Cyberbullying is back in the news, most recently because of a so-called "smut list" published online that targeted 100 teenage girls, some as young as 14, for being promiscuous. (RT @ marykayhoal @SueScheff: Dealing with #Cyberbullying: 5 Essential #Parenting Tips http://ti.me/eKDEZH via @TIMEHealthland)
SYS-CON Media, NJ, The world's leading i-technology media company on breaking technology news. Former Director of Security and Intelligence Operations for New York City Office of Emergency Management Available for Expert Commentary on Cyber-Bullying and Dangers of Social Networking http://bit.ly/fUx2OV
In the latest status update on bullying, schools could now be held liable for students' Facebook and out-of-school harassment.
Education Department officials say legal action could be taken if schools don't address harassment and if it's determined they "reasonably should have known" about a student's conduct. This is the case even if the school was unaware of the bullying.
In an online survey** Bullying UK found that 43.5% of respondents aged 11-16 had been bullied via social networks such as Facebook, Bebo, Myspace, Twitter. 51% felt that blocking the bully from further contact or communication was a vital tool and a further 68 % felt that being able to report the perpetrator’s bullying activities would be advantageous.
Read more: Cyber-bullying on the increase! | uk-news | blog - BullyingUK Registered Charity 1120107 Under Creative Commons License: Attribution Non-Commercial
14-year-old allegedly threatened severe harm to one victim Read more by Naimah Jabali-Nash on CBS News' Crimesider. (New Jersey teen arrested for 'cyber-bullying' two 12-year-olds on Facebook, over a girl : http://t.co/7tZgJSe)
Social networking means many teenagers are never far from a bully, harassment or unwanted sexual messages.Teens are joining social-networking sites at younger ages, spreading bullying and other ugly behaviors to the virtual realm.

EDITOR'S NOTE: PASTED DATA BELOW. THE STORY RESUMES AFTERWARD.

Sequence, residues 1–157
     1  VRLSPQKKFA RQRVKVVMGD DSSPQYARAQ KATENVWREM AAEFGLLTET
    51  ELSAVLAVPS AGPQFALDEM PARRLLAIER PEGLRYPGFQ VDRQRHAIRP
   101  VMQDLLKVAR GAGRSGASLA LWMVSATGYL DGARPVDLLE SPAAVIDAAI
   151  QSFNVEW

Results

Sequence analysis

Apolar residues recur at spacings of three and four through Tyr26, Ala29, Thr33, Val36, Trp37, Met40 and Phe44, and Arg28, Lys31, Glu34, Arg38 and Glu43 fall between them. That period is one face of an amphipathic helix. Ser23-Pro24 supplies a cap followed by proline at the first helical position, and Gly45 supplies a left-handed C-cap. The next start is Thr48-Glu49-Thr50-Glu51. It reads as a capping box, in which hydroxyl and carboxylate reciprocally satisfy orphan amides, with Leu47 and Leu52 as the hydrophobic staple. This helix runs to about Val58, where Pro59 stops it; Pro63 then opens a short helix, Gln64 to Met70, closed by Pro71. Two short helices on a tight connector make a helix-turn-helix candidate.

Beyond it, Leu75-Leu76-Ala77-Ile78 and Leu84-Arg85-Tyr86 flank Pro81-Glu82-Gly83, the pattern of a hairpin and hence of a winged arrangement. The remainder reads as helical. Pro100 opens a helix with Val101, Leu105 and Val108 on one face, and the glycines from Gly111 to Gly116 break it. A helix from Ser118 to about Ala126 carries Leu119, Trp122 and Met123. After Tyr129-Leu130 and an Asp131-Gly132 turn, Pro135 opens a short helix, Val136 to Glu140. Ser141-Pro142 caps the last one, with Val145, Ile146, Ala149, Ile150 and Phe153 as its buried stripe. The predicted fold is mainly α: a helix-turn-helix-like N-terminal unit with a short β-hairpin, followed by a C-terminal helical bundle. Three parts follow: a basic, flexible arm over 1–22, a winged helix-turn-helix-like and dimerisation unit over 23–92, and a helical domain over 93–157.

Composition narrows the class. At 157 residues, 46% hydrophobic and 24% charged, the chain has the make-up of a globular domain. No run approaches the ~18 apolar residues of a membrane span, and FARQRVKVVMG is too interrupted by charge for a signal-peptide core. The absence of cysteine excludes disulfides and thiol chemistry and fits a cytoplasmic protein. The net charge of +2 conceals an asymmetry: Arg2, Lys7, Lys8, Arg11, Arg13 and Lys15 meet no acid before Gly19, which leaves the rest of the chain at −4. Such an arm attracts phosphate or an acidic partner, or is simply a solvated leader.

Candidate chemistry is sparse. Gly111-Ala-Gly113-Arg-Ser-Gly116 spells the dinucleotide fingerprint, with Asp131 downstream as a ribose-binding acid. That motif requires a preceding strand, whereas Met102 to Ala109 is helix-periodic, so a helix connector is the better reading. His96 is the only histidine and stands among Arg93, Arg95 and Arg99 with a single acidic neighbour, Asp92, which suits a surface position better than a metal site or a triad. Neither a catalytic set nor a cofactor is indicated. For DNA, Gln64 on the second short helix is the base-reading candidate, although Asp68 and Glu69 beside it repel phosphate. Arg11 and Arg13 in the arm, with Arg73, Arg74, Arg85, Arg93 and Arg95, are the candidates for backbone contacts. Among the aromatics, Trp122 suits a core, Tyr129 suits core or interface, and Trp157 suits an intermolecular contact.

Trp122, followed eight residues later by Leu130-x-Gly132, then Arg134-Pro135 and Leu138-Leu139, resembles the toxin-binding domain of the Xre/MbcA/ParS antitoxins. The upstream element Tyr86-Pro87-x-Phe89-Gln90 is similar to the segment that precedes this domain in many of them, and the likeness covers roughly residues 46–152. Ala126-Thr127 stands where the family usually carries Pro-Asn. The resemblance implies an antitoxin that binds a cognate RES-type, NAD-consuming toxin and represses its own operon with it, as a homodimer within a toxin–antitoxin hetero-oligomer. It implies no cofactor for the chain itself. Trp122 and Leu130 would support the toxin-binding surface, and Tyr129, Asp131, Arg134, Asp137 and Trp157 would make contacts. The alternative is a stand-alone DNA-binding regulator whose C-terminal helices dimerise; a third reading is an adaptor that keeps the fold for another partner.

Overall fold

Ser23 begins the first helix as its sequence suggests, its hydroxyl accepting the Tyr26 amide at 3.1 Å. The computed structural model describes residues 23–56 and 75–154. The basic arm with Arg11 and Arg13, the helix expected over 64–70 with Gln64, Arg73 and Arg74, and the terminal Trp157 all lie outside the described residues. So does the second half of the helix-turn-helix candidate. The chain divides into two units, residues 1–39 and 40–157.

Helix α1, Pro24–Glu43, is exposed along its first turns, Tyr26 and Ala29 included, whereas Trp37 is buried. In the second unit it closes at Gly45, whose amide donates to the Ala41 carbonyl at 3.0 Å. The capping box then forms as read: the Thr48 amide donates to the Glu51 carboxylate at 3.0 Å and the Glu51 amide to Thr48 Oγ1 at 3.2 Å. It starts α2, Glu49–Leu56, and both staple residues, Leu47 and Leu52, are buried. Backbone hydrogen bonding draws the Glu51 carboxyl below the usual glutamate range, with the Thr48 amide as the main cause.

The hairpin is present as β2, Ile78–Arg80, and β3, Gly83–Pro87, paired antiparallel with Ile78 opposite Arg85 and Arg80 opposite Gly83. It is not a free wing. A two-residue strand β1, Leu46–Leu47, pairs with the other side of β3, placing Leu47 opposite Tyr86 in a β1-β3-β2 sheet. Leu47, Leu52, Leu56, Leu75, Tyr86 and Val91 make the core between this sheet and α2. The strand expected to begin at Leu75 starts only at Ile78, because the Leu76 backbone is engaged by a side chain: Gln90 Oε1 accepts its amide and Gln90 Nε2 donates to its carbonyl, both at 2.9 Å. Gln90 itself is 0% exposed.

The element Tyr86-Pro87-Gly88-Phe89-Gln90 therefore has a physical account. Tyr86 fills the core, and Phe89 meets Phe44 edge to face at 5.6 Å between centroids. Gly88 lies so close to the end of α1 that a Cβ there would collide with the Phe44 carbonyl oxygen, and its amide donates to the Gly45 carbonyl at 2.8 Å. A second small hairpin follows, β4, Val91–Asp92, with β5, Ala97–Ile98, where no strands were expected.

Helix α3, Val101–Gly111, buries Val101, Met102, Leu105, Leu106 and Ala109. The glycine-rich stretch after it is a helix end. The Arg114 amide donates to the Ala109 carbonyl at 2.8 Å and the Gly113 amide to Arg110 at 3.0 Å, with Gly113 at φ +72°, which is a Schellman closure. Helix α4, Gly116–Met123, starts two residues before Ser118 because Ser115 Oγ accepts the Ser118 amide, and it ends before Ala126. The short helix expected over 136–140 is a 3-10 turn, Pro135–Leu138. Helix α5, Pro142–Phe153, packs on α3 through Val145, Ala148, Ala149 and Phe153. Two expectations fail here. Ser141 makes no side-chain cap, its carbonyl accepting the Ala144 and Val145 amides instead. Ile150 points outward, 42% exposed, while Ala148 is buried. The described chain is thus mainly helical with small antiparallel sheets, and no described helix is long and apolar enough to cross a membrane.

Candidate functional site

Parenting advice to help us monitor and stay involved in our kids' online world and increase their safety. Shocking statistics that confirm that we better supervise closer, the difference between monitoring and spying, and spy-free strategies and to help us do so.
A survey of 1500 parents, conducted by Vodafone as part of its national anti-bullying campaign, found not one mum or dad believed their child had ever harassed someone else.
Focusing on cyber bullying, the survey also found the parental supervision of children's internet activity steadily declined as the latter reached their teens - the time during which online intimidation reaches its peak. http://bit.ly/fFZaTJ)
BAY ST. LOUIS, MS (WLOX) - It's wrong. It's illegal, and sometimes it's deadly. Mississippi's Attorney General Jim Hood is telling high school students if they threaten or harass people online, there are consequences.
Hood said cyberbullying is putting pressure on today's young people like no generation before them has ever faced. The teasing and name calling that used to be mostly for school yards is now out there for the whole world to see.
NAMPA -- From kindergarten to high school, bullying is something that affects kids all across the country.